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Experts: Your Summer’s Gonna Suck So Bad

Plus a new Minneapolis hotel, mentors for LGBTQ youth, and a pair of St. Paul restaurant closings in today's Flyover.

4:04 PM CDT on March 21, 2023

Wolfgang Hasselman via Unsplash|

Correction: We’ve been informed that the animal pictured here is a crane fly, NOT a mosquito. We regret the error.

Welcome back to The Flyover, your daily midday digest of what local media outlets and Twitter-ers are gabbing about.

A Group Called the Metropolitan Mosquito Control District Has a Dire Warning

Enjoy the comforts of winter while you can, Minnesota. Experts say the sun itself will be blotted out by biblical numbers of mosquitoes this summer, and the living will envy the dead. OK, they didn’t say that exactly. For now, cold weather is keeping the pests in check, but after two atypical summers, during which drought conditions drove down the mosquito numbers, a regularly wet Minnesota summer could bode ill. "When it does finally warm up, the mosquitoes are going to be out, and they're going to be out with a vengeance," Alex Carlson, public affairs manager of the Metropolitan Mosquito Control District, told Fox 9, perhaps relishing his role as bearer of bad news a little too much. The district is currently accepting predictions for when they will discover the first mosquito larvae for 2023—it was March 18 in each of the past two years. Anyway, why do we live here again? 

Swervo Development Continues T.C. Takeover

Mysterious mega-developer Ned Abdul—whose Swervo Development is relaunching the Uptown Theater, building a 19,000-seat Shakopee amphitheater, and rehabbed The Armory—just added another project to his list. Last week the company closed on the Century Plaza building in downtown Minneapolis for $7.5 million, Mark Reilly at the Biz Journal reports. The plan? Transform the 91-year-old structure, which has sat vacant since 2017 except for its parking garage, into a 213,000-square-foot, 149-room hotel with a sprawling rooftop space. Reilly says the city has long wished for a hotel near the Convention Center, and once proposed creating a 1,000-room behemoth at the nearby Century Plaza site. As part of the new development, MPD's First Precinct will be relocated to a 36,000-square-feet portion of the property. Located at 330 S. 12th St., Century Plaza was originally built to house the all-girls Miller Vocational High School. It's quite lovely, architecturally speaking, and fell into dingy disrepair as a parking ramp.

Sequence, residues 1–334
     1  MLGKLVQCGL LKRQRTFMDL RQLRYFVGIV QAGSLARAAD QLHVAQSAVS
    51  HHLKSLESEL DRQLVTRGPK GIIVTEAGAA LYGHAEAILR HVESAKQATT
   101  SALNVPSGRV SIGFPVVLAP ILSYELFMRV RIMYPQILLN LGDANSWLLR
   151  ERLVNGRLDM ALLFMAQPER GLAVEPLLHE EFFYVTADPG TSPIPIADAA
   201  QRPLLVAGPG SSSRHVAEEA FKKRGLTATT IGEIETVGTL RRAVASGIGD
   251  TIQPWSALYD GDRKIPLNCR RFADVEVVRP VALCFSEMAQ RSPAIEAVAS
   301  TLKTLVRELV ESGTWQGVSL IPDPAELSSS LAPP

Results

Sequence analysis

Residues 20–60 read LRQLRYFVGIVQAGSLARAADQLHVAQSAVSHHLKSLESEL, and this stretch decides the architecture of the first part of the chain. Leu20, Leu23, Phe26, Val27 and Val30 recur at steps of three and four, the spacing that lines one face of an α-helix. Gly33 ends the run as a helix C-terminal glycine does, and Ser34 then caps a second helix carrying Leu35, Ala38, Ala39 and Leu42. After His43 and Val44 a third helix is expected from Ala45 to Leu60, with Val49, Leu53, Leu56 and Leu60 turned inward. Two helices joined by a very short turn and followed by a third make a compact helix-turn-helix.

Get to Know QUEERSPACE

Being a queer or trans teen is tough in a ton of ways—one being that you likely have very few queer or trans adults to look up to or learn from. That's where QUEERSPACE, a free program that matches Twin Cities-area LGBTQ youth with LGBTQ adults, comes in. MPR's Grace Birnstengel has the story about this local org, which has paired up 34 youths (ages 12-17) and mentors (over age 25) to date. Not bad for a collective that'll turn two next month, and that started as an MBA project for Nicki Hangsleben, its founder and executive director. “They can talk about queer identity and queer experiences and journeys, but for the most part, the mentees are just looking to hang out with a queer and trans adult who is living their life,” Soua Thao, who manages the Twin Cities mentoring program, tells MPR.

Closing Time for Two St. Paul Restaurants

When Bap & Chicken opened in 2019, folks were pumped to try Korean-style fried chicken served with a healthy dose of kimchi-laced bibimbap. (We were early fans.) Then the pandemic hit. “In the long scheme of things, things never got back to normal,” chef John Gleason tells Eater. Bap & Chicken announced via Instagram that its last day of operations in the Mac-Groveland neighborhood will be March 25, though Gleeson says he is open to reviving the concept when the time is right. Meanwhile, over in downtown St. Paul, Eagle Street Grille is closing soon too. The bar and restaurant, located at the corner of Kellogg and West Seventh, just across the street from the Xcel Energy Center, opened in March 2003. But it's not sunsetting because of the pandemic or financial woes; Eagle Street's ownership says the building’s owner, Sandra Iverson, opted not to renew the lease. “It’s her building and she can do what she wants with it,” owner Jim Crockarell tells the Pioneer Press. “We’ve always made our payments on time—even through COVID—and have been a good tenant.” It's set to close in April.

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